Last night’s Federal Reserve minutes shed little new light on the progression of US monetary policy. On one hand there appears to be a growing minority that sees the US economy as being at or near the point at which a rate rise is warranted. However, several members wanted to “wait for more inflation confidence”, stressing that they saw “ample time to act if inflation rises”. 

That is likely the key point. Until there are clear signs of an uptick in price and/or wage inflation, there is little conviction to raise rates. Markets are now pricing a 50% chance of a single rise in the Fed Funds target rate by January ‘17. 

We have outlined the implications of this a number of times recently. We maintain the view that a US economy that is too cold for rate rises and too hot for recession fears generates a hunt for yield, diverting cash into equities and risk assets (including emerging markets). This likely continues unless or until there is some evidence of inflationary pressure or rising inflation expectations.

We can make this last forever” — James Morrison, Please Don’t Stop the Rain

Perhaps more worrying than the monetary situation in the US is the monetary situation in Japan. It was reported overnight in the Wall Street Journal that Japanese prime minister Shinzo Abe’s economic advisor Etsuro Honda sees “more than a 50% possibility” of the Bank of Japan taking "bold" measures next month. 

The interview goes on to discuss an increase in the monetary base target to JPY 100 trillion per year indefinitely, stating that Japanese monetary policy “hasn’t been eased enough”. the bright side of the road” — Van Morrison

In the UK this morning, retail sales surged past expectations, accelerating to an annual growth rate of 5.9%. This comes in quick succession after the stronger-than-expected UK employment data for July, where employment hit an all-time high and the dole queue shortened in the month after the referendum.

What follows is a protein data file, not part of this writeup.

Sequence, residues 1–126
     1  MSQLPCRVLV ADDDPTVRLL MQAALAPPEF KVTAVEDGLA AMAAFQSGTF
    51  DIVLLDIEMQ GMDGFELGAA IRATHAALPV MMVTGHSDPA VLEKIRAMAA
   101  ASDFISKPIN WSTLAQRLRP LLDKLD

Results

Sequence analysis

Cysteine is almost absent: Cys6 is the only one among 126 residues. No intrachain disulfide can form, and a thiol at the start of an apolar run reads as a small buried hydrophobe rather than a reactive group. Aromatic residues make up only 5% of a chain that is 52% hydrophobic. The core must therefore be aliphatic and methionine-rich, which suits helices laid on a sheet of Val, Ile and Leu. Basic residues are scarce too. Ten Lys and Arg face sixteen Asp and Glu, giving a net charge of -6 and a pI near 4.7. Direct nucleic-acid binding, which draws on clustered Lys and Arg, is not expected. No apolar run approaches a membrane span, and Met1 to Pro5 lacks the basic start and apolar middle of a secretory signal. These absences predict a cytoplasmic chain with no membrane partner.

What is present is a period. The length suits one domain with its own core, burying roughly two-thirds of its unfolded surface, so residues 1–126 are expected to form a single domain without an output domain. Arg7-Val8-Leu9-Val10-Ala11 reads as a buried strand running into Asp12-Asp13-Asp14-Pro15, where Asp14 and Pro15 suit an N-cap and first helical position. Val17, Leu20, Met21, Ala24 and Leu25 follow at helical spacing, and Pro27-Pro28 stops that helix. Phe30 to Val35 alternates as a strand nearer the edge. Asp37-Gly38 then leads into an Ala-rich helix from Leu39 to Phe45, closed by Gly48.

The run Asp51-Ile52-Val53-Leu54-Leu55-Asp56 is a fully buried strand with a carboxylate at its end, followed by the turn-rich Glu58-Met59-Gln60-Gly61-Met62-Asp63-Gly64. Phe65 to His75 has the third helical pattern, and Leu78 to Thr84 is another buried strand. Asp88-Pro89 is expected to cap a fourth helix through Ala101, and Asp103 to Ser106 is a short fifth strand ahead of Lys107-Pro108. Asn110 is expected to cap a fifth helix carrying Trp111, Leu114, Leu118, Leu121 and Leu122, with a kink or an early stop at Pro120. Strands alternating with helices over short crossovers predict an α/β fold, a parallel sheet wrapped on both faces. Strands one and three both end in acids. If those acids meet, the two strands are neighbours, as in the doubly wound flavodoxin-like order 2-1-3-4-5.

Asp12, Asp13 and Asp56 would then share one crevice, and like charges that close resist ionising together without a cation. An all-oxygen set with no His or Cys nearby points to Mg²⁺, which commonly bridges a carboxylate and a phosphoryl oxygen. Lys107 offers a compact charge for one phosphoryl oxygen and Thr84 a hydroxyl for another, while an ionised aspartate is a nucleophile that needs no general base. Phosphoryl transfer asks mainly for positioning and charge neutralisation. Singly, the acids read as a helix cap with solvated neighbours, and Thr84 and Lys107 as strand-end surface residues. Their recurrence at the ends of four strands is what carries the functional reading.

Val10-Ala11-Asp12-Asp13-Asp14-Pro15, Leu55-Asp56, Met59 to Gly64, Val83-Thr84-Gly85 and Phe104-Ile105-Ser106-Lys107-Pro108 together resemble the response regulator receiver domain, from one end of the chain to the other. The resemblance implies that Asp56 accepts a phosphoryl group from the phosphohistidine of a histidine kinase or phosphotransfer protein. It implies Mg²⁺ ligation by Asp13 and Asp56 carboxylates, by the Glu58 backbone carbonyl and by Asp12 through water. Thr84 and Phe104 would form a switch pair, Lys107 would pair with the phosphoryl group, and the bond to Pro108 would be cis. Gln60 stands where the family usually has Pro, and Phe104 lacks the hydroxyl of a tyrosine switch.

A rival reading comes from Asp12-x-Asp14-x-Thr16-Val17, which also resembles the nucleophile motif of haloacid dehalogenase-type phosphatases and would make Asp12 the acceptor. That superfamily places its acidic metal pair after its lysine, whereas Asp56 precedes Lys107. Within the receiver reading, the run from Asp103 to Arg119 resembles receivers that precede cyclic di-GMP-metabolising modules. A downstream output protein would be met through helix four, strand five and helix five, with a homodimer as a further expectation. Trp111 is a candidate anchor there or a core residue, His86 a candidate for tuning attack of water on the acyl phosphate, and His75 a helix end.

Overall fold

We will pick up on GBP again next week, suffice to say that our views remain unchanged from recent comments where we have been advocating GBP strength (particularly in the near term against the USD). 


Brexit may have shocked sterling, but the UK economy appears to be 
more resilient than some thought. Photo: iStock 

So far it seems that the negative economic claims of "project fear" have failed to materialise in the UK... yet. While we are acutely aware that heightened risks to business investment, trade and fiscal support remain in the medium term, we retain the view that confidence is key to the recovery, globally. 

We would also argue that the confidence argument is even more critical at zero interest rates. Outside of winning a record number Olympic gold medals, it may be difficult for government to formulate a policy of "confidence stimulus". However, the first steps must be a plan, and a supportive fiscal platform from which to launch it. 

In that regard, as global monetary policy throws ever large numbers at ever smaller returns, fiscal policy is likely to become the dominant driver of sentiment and ultimately confidence.

— Edited by Michael McKenna

Neil Staines is head of trading at The ECU Group